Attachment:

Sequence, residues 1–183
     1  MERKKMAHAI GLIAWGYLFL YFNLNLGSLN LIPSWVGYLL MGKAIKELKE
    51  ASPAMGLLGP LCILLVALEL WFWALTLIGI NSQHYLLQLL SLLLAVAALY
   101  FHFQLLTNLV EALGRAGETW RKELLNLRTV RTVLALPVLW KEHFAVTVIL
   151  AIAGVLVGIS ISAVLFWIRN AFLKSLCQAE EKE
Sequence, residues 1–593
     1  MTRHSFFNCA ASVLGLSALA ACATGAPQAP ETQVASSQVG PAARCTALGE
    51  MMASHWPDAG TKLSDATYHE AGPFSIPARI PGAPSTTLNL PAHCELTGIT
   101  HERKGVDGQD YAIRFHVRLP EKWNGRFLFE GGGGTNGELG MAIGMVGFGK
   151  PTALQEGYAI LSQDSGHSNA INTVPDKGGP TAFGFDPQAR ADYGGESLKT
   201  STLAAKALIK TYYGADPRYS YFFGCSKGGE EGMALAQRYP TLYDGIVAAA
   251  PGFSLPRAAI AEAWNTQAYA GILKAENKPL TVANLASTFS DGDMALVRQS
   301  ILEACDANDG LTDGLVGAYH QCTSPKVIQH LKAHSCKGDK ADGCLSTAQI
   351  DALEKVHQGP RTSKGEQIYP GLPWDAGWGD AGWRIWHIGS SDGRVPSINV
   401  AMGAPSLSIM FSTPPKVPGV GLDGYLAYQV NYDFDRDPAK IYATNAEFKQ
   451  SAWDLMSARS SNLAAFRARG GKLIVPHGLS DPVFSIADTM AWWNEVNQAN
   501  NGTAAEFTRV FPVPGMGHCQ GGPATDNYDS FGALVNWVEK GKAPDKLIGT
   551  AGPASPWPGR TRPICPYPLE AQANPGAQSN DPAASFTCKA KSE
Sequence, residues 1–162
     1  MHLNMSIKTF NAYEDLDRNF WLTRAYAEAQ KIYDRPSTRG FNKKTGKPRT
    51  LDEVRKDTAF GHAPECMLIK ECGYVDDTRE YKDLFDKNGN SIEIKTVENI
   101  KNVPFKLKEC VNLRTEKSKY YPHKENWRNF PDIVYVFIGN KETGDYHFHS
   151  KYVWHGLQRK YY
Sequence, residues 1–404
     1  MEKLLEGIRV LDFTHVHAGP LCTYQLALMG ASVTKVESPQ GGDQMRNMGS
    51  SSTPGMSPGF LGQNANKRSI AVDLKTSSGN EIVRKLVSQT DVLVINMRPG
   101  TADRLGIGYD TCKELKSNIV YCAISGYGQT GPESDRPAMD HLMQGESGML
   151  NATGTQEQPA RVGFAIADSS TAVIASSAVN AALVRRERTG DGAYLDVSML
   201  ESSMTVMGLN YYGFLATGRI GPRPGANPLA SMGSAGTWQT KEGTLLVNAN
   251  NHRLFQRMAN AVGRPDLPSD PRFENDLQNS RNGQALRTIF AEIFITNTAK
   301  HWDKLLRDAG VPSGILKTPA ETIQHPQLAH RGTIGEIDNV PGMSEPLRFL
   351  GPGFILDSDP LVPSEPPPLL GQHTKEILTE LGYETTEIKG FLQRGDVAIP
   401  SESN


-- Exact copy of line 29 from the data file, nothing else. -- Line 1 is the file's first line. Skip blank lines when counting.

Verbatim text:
   201  ESSMTVMGLN YYGFLATGRI GPRPGANPLA SMGSAGTWQT KEGTLLVNAN